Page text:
Global economic freedom up slightly- India’s rank falls to 105 from 79
New Delhi: India ranks 105 out of 162 countries and territories included in the Economic Freedom of the World: 2020 Annual Report, released today by Centre For Civil Society in conjunction with Canada’s Fraser Institute. Last year, India ranked 79. Hong Kong and Singapore once again top the index, continuing their streak as 1st and 2nd respectively. New Zealand, Switzerland, the United States, Australia, Mauritius, Georgia, Canada and Ireland round out the top-10. The report, based on 2018 data (the most recent comparable data), warns that recent events in Hong Kong will likely cause its score to fall as data become available for 2019 and 2020.
It measures economic freedom (levels of personal choice, ability to enter markets, security of privately owned property, rule of law, etc.) by analysing the policies and institutions of 162 countries and territories. The 10 lowest-rated countries are African Republic, Democratic Republic of Congo, Zimbabwe, Republic of Congo, Algeria, Iran, Angola, Libya, Sudan and Venezuela. Countries such as North Korea and Cuba have not been ranked due to lack of data. Other notable rankings include Japan (20th), Germany (21st), Italy (51st), France (58th), Mexico (68th), Russia (89th), India (105th), Brazil (105th) and China (124th).
Research shows people living in countries with high levels of economic freedom enjoy greater prosperity, more political and civil liberties, and longer lives. For example, countries in the top quartile of economic freedom had an average per-capita GDP of $44,198 in 2018 compared to $5,754 for countries in the bottom quartile. Moreover, in the top quartile, the average income of the poorest 10 percent was $12,293 compared to $1,558 in the bottom quartile. Interestingly, the average income of the poorest 10 percent in the most economically free countries is more than twice the average per-capita income in the least free countries.“Where people are free to pursue their own opportunities and make their own choices, they lead more prosperous, happier and healthier lives,” McMahon said.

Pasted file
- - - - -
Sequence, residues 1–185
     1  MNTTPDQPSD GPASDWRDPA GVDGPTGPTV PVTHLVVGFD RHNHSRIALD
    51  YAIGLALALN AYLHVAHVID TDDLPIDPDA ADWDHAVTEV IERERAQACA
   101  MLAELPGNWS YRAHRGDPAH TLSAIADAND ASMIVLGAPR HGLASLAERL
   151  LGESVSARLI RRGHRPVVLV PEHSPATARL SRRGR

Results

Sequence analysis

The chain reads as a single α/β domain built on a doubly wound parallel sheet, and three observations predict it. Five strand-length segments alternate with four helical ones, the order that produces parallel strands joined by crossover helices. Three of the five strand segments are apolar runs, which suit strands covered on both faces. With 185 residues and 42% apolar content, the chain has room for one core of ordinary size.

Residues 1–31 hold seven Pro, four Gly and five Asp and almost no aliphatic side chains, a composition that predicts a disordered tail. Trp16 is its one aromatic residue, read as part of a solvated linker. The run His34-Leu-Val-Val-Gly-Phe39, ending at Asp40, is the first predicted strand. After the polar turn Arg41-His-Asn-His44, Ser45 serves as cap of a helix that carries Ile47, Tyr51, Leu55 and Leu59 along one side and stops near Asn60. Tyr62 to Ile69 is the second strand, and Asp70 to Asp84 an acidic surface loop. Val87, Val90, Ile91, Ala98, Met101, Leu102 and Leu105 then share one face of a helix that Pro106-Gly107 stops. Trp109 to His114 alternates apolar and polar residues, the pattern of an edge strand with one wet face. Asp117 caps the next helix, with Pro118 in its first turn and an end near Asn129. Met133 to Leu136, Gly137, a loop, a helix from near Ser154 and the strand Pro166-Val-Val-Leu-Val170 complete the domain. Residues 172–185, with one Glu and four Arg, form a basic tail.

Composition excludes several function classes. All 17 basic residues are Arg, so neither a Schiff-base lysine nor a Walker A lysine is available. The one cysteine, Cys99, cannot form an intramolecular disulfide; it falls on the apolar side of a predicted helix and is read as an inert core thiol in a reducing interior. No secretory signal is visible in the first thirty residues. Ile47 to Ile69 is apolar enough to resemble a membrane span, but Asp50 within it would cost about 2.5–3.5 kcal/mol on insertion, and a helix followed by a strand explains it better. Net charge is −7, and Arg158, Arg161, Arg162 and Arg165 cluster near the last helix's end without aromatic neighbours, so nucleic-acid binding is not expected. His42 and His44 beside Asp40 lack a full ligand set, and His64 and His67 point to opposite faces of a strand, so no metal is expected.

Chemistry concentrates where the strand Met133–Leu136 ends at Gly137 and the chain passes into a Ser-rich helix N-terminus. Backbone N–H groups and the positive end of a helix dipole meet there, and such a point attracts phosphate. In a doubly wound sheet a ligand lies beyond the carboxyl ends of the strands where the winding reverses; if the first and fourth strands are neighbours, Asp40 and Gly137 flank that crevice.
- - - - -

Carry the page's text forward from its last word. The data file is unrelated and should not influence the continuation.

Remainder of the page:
The Fraser Institute produces the annual Economic Freedom of the World report in cooperation with the Economic Freedom Network, a group of independent research and educational institutes in nearly 100 countries and territories. It is the world’s premier measurement of economic freedom, ranking countries across five areas—size of government, legal structure and security of property rights, access to sound money, freedom to trade internationally and regulation of credit, labour and business. See the full report at www.fraserinstitute.org/economic-freedom.
India reports marginal decreases in each of the components of economic freedom. A score closer to 10 indicates a higher level of economic freedom:
Size of government: changed to 7.16 from 8.22 in the last year’s report.
Legal system and property rights: changed to 5.07 from 5.17.
Access to sound money: changed to 8.34 from 8.37.
Freedom to trade internationally: changed to 5.71 from 6.08.
Regulation of credit, labour and business: changed to 6.53 from 6.69.
“The centre and state governments have initiated business process re-engineering to simplify business registration and compliances. No doubt some of these efforts have had a bearing on India’s score”, says Dr Parth J Shah, President; Centre for Civil Society. He continues, since the ranking is based on 2018 data, many of new restrictions on international trade, tightening of the credit market due to NPAs and Covid’s impact on debt and deficits are not reflected in India’s score. The government still continues to play an overbearing role in many areas of economic life. The prospects for increasing economic freedom in India depend on next generation reforms in factor markets and in greater openness to international trade.”